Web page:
(iv) Any authority constituted in India either to deal with and satisfy the need for housing accommodation or the purpose of planning, development, or improvement of cities, towns, villages, or both.
(v) Any other fund or any institution fulfilling the conditions as specified in Section 80G(5).
 
For example, to begin, contributions to the Shri Ram Janmabhoomi Teerth Kshetra Trust for Ayodhya Ram Temple building are eligible for a 50 per cent deduction under Section 80G of the Income Tax Act of 1961. A Rs 20,000 contribution can result in a Rs 10,000 reduction from taxable income. This comes under Section 80G 2(b) starting from FY 2020-21.
 
Let’s understand the calculation with another example.
Nitish Gupta, an Indian taxpayer, earns a taxable salary of Rs 5,00,000. He has deposited Rs 40,000 in both the Public Provident Fund (PPF) and her company’s provident fund (PF). She donated Rs 45,000 to the CRY (Child Relief and You) Trust. Assuming she has no other income, her taxable income will be determined as follows:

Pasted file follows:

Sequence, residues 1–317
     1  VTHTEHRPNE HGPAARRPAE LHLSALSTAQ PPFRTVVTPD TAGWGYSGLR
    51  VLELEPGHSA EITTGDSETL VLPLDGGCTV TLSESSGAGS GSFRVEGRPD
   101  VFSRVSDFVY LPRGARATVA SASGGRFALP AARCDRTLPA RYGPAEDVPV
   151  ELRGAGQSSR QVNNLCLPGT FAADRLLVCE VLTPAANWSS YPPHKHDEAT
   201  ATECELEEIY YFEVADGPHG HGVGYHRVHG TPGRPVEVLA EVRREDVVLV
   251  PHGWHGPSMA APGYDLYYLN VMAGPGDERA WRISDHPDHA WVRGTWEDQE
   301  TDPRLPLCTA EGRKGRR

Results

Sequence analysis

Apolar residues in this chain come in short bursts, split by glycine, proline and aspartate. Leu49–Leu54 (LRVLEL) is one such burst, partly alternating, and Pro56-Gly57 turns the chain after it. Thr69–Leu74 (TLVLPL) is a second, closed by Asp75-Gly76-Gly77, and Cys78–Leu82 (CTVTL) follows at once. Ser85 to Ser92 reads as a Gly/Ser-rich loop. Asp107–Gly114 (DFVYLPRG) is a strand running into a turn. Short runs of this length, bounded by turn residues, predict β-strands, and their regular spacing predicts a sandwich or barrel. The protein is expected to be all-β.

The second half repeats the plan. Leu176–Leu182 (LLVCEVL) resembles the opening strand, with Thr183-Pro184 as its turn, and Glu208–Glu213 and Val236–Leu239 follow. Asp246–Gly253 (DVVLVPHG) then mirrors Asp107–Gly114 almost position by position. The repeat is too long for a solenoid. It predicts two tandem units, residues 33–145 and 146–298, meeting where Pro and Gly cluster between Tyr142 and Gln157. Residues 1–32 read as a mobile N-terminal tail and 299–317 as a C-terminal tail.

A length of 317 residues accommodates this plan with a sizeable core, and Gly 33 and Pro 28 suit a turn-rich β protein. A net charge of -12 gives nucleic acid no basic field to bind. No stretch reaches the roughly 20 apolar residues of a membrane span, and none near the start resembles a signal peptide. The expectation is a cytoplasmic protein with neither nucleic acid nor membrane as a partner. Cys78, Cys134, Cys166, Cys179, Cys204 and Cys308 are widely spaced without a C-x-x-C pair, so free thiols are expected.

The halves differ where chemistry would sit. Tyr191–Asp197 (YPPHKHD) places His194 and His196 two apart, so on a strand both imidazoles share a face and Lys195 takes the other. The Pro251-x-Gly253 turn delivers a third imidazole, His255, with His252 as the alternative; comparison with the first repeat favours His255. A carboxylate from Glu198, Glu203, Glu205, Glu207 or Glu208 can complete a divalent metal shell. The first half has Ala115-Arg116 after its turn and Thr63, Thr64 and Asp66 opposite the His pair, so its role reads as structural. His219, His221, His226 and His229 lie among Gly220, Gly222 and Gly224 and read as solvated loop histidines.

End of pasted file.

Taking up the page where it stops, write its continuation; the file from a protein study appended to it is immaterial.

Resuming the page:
His gross salary is Rs 5,00,000; deduction under 80C would be Rs 80,000; and gross total income before 80G would be Rs 4,20,0000.
Now, if she donates to CRY, the actual donation amount would be Rs 45,000, and 10 per cent of gross total income as per the above calculation is Rs 42,000. Since 42,000 is the lower amount, this will be considered the qualifying amount too.

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Now see this calculation below:
Gross total income (before 80G): Rs 4,20,000
Deduction under 80G: 50% of Rs 42,000= Rs 21,000
Total taxable income: Rs 3,99,000

What are the documents needed to avail of the benefit?

  • Donation receipt